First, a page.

Put together, the installments roughly equaled Paul’s addict memoir titled My First Life, published the same year. Who knows whether the stern tone of condemnation and regret for her own behavior was real? Historian Christopher Hallam writes about Paul and many other fashionable opiate users in White Drug Cultures and Regulation in London.
The serial format—a single body of work broken into parts and continuing from issue to issue—was still primarily used to publish novelistic/confessional types of content. However, developments in printing technology were making it increasingly possible for newspapers to package graphics, photographs, and text together into an enticing visual whole. For an enjoyable, artistic journey through Hearst coverage and other “yellow journalism” about drugs, see The Dope Chronicles.
1959: “Mexican Monkey on Our Backs”
Times-Mirror Company employee publication Among Ourselves (left) touts the 1959 Pulitzer Prize-winning Series by Gene Sherman (right).
The Los Angles Times won a Pulitzer Prize for Public Service (see above) for Gene Sherman’s series of articles on heroin and marijuana smuggling across the border into Southern California. The newspaper later reprinted the articles in a pamphlet provocatively titled “Mexican Monkey on Our Back.” Overall, the series blamed the increase in drug-related crime in Los Angeles on Mexican and US officials’ failure to enforce prohibition—indeed their lack of interest in the problem. A single-page photo spread featured scenes from Mexico and the border. Historian Matthew Lassiter has discussed the role of the LA press during the 1950s in creating a “racialized pusher-victim discourse that collectively criminalized minority youth while decriminalizing white teenage lawbreakers.”
1982: “War On Drugs: A Domestic Vietnam”
1982 series, “”War on Drugs: A Domestic Vietnam,” by Gannett’s Fort Myers News-Press.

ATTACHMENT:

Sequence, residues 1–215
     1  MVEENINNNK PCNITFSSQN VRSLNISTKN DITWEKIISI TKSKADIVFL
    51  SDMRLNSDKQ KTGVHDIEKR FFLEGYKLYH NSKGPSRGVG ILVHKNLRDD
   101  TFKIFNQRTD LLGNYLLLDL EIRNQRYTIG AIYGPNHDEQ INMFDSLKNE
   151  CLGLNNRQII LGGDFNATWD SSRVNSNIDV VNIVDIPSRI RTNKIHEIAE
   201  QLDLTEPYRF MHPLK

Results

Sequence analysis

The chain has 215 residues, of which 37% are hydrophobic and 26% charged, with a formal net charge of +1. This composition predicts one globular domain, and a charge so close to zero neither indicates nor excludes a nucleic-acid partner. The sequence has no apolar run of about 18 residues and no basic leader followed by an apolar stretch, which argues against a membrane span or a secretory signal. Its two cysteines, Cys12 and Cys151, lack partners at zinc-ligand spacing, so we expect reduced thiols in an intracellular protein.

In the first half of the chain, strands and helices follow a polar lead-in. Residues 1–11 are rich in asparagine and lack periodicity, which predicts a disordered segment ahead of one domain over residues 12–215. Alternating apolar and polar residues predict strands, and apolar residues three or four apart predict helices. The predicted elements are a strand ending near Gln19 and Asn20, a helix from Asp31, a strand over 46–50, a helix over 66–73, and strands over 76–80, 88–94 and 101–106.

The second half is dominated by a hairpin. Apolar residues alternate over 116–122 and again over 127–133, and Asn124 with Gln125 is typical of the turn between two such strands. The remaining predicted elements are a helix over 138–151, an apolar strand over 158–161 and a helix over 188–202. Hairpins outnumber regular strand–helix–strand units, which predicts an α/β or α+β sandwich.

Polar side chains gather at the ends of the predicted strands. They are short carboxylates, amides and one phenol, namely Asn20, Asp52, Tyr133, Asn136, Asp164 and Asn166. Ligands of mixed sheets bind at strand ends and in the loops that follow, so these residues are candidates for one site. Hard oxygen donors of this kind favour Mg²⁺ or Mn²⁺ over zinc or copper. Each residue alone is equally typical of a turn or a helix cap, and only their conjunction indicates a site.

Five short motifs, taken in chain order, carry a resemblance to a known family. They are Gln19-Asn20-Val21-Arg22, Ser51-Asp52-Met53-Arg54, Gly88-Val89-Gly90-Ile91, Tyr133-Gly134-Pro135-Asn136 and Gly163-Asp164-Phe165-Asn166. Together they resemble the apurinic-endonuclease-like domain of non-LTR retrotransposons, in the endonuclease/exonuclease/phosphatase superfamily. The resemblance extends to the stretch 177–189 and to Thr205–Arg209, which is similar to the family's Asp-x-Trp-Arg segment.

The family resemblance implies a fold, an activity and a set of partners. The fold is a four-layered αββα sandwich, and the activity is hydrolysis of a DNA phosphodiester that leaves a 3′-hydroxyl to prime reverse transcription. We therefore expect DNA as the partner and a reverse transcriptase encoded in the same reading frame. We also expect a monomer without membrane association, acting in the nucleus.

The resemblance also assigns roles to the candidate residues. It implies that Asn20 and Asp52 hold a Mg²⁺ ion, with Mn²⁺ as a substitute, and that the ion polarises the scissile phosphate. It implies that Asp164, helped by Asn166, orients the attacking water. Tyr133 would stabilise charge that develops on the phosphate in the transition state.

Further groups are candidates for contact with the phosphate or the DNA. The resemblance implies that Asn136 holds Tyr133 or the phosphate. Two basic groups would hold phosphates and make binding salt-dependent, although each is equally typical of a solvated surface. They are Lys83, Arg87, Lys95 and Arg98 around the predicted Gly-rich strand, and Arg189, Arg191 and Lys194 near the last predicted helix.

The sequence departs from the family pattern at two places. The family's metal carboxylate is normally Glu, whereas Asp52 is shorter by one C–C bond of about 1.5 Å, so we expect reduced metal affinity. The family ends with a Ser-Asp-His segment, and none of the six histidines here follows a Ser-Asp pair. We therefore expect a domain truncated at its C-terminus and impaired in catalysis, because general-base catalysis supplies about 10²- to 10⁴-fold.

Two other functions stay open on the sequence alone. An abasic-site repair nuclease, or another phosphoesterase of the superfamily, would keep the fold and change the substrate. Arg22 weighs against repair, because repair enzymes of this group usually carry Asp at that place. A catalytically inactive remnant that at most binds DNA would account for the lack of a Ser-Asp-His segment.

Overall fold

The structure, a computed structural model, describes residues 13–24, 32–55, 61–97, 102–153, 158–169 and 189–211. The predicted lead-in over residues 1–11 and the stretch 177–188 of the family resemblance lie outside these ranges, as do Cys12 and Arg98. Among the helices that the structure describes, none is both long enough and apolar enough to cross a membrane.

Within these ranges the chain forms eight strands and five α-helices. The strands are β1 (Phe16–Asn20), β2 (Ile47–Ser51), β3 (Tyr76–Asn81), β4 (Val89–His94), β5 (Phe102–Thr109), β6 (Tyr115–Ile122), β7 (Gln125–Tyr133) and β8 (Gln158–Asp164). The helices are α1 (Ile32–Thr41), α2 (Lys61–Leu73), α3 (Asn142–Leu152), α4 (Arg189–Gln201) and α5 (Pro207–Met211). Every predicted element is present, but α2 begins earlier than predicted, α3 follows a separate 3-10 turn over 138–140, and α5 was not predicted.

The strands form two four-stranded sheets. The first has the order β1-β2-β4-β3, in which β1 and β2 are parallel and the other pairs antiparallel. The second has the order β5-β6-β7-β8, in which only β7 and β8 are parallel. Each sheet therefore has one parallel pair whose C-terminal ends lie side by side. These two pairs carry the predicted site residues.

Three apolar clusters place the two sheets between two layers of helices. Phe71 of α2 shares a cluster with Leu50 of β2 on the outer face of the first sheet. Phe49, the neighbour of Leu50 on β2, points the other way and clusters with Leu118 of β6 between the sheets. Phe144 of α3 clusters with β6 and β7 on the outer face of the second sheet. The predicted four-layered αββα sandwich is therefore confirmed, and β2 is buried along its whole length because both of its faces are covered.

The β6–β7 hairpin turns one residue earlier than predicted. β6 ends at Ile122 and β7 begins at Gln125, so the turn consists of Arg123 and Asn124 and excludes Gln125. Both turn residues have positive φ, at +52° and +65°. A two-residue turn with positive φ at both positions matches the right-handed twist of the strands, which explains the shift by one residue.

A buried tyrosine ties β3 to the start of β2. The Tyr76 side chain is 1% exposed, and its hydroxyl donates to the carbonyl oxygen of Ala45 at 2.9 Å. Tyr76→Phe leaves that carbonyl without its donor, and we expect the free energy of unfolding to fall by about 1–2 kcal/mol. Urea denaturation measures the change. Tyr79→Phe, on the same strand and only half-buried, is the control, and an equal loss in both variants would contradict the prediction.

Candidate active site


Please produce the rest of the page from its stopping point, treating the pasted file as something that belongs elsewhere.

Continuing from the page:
This extended critique of the inefficiency of the US drug wars ran over the week between Christmas and New Year’s in the Fort Myers News-Press, a Florida daily. Reporter Sharen Johnson’s series, “The War on Drugs: A Domestic Vietnam,” got well into the weeds describing how wealthy drug dealers used tax havens to hide their cash; graphics helped explain the process. She also reported the murder of a California lawyer who had become a state’s witness after getting pinched by the feds in a byzantine investigation. It seems the killer never was identified, but the shooting and a graphic description of the crime scene, set in a parking garage, helped set a tone of menace and conspiracy. The News-Press was one of some 80 Gannett papers, many of which republished Johnson’s series in early 1983.
For more than a century, lurid and sensational media accounts of drugs, drug users, and the trade in illicit drugs has helped shape American public opinion about the use and regulation of intoxicating substances. From the thinly fictionalized tales of the early 1900s to the lengthy investigative reporting of the second half of the twentieth century, media reporting about drugs has often tended to emphasize the dangers that drugs posed to white Americans at the expense of nefarious racialized drug traffickers and dealers. Perhaps it’s time to see if a more sober discussion about drugs and drug use can influence public opinion.